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A visit to the Pawlet Library

10/31/02 12:00AM By Tom Slayton
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If you're hurrying along on Route 30, you could almost miss the little village of Pawlet, which straddles Flower Brook at the head of the Mettawee Valley in southwestern Vermont. And that would be a shame.

That's because Pawlet is one of the places where you'll find the traditional Vermont spirit alive and well, just as strong today as when the town was founded in 1761. The 1,300 people who live in Pawlet think of their town as the center of the Universe. And they may be right about that; it certainly is a place with a lot of Vermont soul.

I recently attended a special celebration there: the grand opening of the newly renovated Pawlet Public Library, which has just been moved into expanded quarters in the village's restored Schoolhouse. It was the culmination of a four-year struggle to save the 1911 grade school building - a classic turn-of-the-century schoolhouse. And despite a rainy Saturday afternoon, it looked like half the town had turned out for the official opening. There were jugs of cider and plates of home-made cookies, and the event was one of those occasions that reaffirm your faith in Vermont and Vermonters, the kind of day that just makes you feel good all over.

First, there was the fact that the town's library, which had been housed for years in the town hall, now had lots of clean, attractive space in which to house its books and programs. Public libraries are vitally important because they are a direct expression of democracy, places where books and culture can be shared by everyone, not just the favored few.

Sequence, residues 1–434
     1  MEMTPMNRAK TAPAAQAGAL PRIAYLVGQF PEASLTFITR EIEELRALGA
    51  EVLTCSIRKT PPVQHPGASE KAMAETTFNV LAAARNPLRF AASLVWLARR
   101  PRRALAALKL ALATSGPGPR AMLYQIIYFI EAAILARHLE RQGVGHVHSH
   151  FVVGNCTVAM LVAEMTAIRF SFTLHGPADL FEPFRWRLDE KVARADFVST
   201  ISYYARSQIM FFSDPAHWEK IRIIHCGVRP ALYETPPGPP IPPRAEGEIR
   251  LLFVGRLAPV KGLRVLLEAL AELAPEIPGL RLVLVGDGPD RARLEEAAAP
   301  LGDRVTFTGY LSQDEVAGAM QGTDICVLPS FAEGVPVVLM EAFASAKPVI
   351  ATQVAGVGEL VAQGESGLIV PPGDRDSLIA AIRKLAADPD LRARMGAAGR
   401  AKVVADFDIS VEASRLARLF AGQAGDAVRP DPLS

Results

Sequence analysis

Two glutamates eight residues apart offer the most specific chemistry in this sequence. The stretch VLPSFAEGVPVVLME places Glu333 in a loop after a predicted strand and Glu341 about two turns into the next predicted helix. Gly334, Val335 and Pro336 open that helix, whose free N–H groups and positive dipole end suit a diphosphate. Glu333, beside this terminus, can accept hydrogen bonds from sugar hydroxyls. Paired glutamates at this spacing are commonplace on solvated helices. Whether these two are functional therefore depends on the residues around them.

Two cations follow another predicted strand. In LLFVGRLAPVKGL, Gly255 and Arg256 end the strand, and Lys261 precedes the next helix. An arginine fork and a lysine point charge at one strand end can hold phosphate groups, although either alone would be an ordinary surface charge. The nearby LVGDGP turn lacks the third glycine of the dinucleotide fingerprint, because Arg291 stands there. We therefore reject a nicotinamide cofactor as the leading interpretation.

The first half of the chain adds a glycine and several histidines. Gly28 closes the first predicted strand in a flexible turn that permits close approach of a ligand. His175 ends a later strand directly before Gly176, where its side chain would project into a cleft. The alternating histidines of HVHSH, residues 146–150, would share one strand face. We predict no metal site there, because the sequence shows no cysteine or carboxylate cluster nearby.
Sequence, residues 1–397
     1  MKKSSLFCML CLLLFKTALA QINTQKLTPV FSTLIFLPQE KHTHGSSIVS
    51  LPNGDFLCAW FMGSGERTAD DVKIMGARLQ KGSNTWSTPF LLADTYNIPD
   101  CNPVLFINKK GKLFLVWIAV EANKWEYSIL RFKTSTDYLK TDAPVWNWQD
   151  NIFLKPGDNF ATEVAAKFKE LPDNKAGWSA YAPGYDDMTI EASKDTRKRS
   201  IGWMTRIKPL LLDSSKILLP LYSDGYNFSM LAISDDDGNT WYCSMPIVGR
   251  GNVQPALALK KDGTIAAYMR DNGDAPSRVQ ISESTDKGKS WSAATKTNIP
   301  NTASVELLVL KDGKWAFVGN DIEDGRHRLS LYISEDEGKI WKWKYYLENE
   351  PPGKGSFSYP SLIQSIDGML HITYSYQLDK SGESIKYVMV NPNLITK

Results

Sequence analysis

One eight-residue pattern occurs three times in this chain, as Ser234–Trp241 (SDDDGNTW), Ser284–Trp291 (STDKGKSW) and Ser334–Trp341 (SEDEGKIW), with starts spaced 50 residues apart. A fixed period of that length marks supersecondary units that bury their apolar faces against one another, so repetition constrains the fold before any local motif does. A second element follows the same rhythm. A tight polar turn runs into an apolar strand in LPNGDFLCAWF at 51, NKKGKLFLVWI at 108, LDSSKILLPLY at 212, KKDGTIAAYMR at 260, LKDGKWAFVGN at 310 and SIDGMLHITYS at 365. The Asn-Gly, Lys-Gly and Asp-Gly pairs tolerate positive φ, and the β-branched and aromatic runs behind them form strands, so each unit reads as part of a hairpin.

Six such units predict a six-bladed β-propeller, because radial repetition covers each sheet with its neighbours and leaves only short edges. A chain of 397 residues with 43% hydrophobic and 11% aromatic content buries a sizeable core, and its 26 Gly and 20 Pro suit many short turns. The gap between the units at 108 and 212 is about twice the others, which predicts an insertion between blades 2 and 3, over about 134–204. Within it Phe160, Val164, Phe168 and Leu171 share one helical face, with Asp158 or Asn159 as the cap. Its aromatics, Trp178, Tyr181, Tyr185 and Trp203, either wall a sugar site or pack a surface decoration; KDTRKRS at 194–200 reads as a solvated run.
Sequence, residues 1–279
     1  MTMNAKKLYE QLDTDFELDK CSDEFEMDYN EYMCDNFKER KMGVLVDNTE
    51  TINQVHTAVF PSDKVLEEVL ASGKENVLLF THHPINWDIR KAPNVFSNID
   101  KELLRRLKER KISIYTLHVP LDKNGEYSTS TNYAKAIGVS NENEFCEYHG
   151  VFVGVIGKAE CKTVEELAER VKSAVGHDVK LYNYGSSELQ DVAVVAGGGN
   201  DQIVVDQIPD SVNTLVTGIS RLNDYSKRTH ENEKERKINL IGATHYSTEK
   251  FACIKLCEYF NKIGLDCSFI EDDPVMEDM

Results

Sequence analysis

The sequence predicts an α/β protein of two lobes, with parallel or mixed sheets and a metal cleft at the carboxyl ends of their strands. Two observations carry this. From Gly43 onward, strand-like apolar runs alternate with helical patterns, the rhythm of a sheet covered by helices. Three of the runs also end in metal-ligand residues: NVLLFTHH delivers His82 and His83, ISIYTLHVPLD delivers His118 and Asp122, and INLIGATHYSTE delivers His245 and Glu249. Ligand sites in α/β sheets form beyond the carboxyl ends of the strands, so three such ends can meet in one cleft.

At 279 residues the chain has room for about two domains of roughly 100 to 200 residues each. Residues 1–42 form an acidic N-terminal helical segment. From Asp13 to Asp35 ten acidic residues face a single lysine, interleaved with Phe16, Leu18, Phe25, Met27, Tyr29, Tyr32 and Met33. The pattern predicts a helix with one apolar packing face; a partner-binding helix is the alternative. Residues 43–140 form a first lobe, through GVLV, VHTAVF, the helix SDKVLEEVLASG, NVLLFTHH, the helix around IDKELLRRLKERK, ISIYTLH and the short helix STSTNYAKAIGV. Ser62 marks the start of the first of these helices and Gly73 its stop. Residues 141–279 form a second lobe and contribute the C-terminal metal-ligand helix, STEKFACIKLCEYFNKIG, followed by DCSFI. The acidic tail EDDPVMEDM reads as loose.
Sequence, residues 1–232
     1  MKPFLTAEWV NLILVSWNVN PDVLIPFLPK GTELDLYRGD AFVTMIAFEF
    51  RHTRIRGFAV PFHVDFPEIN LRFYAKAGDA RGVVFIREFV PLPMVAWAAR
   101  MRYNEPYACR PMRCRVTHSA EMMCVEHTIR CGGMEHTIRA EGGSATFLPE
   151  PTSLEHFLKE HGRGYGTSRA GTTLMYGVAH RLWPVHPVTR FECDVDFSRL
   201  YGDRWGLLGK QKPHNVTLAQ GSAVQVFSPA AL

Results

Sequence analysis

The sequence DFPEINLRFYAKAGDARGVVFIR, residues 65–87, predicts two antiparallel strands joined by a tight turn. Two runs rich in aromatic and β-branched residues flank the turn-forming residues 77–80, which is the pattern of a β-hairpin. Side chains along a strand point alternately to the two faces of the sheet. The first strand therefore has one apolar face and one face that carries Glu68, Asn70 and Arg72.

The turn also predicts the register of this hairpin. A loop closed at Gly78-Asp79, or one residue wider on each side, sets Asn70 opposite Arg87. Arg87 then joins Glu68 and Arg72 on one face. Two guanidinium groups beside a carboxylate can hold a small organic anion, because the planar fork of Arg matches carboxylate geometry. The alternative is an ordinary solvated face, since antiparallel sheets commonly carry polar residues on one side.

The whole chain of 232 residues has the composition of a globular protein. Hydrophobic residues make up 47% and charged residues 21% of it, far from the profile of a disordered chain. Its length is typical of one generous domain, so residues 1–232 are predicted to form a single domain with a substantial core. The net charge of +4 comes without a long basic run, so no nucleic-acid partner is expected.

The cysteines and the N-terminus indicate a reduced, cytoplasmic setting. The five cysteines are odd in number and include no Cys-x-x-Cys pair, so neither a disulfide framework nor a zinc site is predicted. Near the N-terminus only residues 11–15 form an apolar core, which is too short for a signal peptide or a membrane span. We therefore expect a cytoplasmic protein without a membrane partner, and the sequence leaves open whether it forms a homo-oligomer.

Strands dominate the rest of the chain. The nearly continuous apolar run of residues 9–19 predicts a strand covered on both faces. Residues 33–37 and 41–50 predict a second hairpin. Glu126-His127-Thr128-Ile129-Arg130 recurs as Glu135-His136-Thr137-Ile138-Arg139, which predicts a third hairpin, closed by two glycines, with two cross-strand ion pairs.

Further, the restored Pawlet Village School is beautiful in its own right, a symmetrical colonial revival school building with a nice sense of form and proportion, the kind of woodwork and trim that is too expensive to add to public buildings nowadays, and lots of light streaming in through tall, multi-paned glass windows.

The building is doubly important because it is one of the visual anchors of the Village of Pawlet. It stands just opposite the Town Hall and lends character, some open space and an air of order and refinement to the little village. It's part of Pawlet's sense of place and had it been lost, part of the town's identity would have been lost also.

It would be misleading to say that Pawlet saved its grade school all by itself. The biggest single grant for the building came from the State of Vermont's Housing and Conservation Fund, and there were grants from many private foundations and individuals as well. But none of the money would have been raised without the dedication and hard work of dozens of Pawlet citizens.

Vermont - the Vermont we all love - is worth fighting for, and even more important, working to save. Here, in one little schoolhouse, the people of Pawlet have given all of us a darned good example of how it can be done. Community is a pretty abstract word, until you see it in action. And I was fortunate enough to see it in action, embodied and in the flesh last week in Pawlet, where the Vermont dream still lives.

Tom Slayton is editor of Vermont Life magazine.
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